6. Adrian says:

    One process speed up we did at a previous company was to have the build machine zip up the intermediate files (.obj, .res, .pdb). When individual developers synced with the source control (using the label for the overnight build), they also grabbed the corresponding zips. Thus they didn’t have to recompile, just re-link. This saved a lot of time, since a full build took two to three hours. Fetching the zip files and linking took ten to fifteen minutes.

    Linking on the local machine seemed to be enough to get the paths right for debugging symbols.

    Furthermore, you could sync up with any official build or any recent overnight build, so jumping back to last Friday wasn’t an expensive experiment.

    We used the hate-mail approach for broken builds, and we never went more than a day without a working overnight build. The developer responsible for the breakage had to fix it first. Meanwhile, everyone else could stay productive with the latest successful build and quickly sync with the corrected build when it became available.

  7. smidgeonsoft says:

    How much does a build-break cost in doughnuts? — :o)

  8. Matt Pietrek says:

    We don’t do donuts here (at least within the VS teams that I’m part of.) Why? Because you can’t check in a change that breaks the build (in theory at least.)

    There’s a whole system that takes your changed files, compiles them, and runs them through a series of test. Only if everything succeeds does the system make the actual check-in for you.

  9. That sounds like a good safety measure if it doesn’t get in the way. Does it take more time on your part, or is it automated enough that it feels like ordinary source control?

  10. Matt Pietrek says:

    Mike: It doesn’t really get in our way, except for the time factor.

    From a web page, we submit a set of files (or a change list.) The system takes the changes, applies them to the most recent version of the checked-in sources, and builds the whole shebang.

    Next, the system runs through the same set of tests that devs are supposed to run before they check in anything. If everything works OK, the system then makes the checkin on your behalf.

    Put another way, we don’t check in directly to the VCS. Rather, our changes go through an automated gauntlet that does it automatically.

    In theory, nothing that breaks the build will never make it into VCS. The biggest downside is that all checkins are serialized through a set of dedicated machines. Some times you’ll wait hours to get your changes into the VCS.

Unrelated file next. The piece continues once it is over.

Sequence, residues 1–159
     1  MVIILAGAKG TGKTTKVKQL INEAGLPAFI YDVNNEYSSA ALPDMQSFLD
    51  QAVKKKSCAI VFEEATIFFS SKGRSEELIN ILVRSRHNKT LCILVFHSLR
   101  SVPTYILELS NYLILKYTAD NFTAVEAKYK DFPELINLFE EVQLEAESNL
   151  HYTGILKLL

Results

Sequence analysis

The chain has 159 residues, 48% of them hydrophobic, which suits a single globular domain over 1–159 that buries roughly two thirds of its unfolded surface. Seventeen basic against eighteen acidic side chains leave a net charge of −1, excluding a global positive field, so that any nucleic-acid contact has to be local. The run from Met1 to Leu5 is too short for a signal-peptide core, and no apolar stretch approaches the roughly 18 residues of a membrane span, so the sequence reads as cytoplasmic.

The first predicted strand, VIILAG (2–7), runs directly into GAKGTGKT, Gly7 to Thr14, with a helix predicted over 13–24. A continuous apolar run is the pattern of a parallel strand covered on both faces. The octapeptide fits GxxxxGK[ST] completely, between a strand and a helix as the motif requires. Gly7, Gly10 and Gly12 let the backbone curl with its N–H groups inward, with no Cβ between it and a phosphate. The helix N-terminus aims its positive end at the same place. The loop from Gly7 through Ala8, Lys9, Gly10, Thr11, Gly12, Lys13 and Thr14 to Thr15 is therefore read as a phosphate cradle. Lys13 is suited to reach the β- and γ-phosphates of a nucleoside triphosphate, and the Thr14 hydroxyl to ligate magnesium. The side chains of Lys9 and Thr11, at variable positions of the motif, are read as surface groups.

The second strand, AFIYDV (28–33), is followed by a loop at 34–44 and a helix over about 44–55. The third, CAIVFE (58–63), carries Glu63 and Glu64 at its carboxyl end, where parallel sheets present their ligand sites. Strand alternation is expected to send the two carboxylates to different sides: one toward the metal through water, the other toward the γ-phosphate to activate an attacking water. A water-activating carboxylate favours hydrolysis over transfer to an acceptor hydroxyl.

11. a reader says:

    Do you still have build breaks or were those eliminated by your system?

    I believe build breaks cost is high for large teams, but I would like to point several issues.

    From my experience, such systems can cost much in terms of management, and delayed check ins.

    1) The system, which is usually built from a set of somewhat ad-hoc scripts, must be managed by at least one dedicated expert admin and is a bottleneck when everybody needs to check in before a milestone.

    2) In practice, I have spent much time investigating check-in failures that weren’t a direct result of my changes.

    3) The system env is sometimes difficult to reproduce, because there is no one official build that is installed on the dev machine. The system uses the latest tools that were checked in, so if the linker was updated, you must have scripts to copy from the system server the special tools/env.

    4) A "successful" check in of low level code may still break or delay higher level code check-in, because the low level code check in test suite can rarely cover all/most scenarios the high level code may execute. As and example, a compiler bug may pass check in tests, since these cannot even cover the entire compiler test suite (it takes too long to run it). Later, when a source code that depends on the buggy feature is checked in, the system will fail a test and will delay the application developer. Adding high level check in tests also for low level code check in is important, but cannot cover many scenarios , because it increases processing time.

    5) Note that check in tests must also use the system or changes/additions may break the product check-ins.

  12. Matt Pietrek says:

    A reader: Some comments on your points

    1)A gauntlet-like system probably may be overkill in small to medium dev teams. If you don’t have the resources to use one, don’t do it. As for being a bottleneck, you’re right.

    2)In my (admittedly limited so far) experience, I haven’t seen many problems of this nature.

    3) We use a nightly build system. A dev decides when they want to grab a particular build. The tools used to create the "official" builds don’t change frequently.

    4/5) This comes down to writing good tests, as well as good inter-team communication. The system we use doesn’t solve every issue, but it saves us from many small, stupid mistakes. On the whole, I think the additional effort is worth it.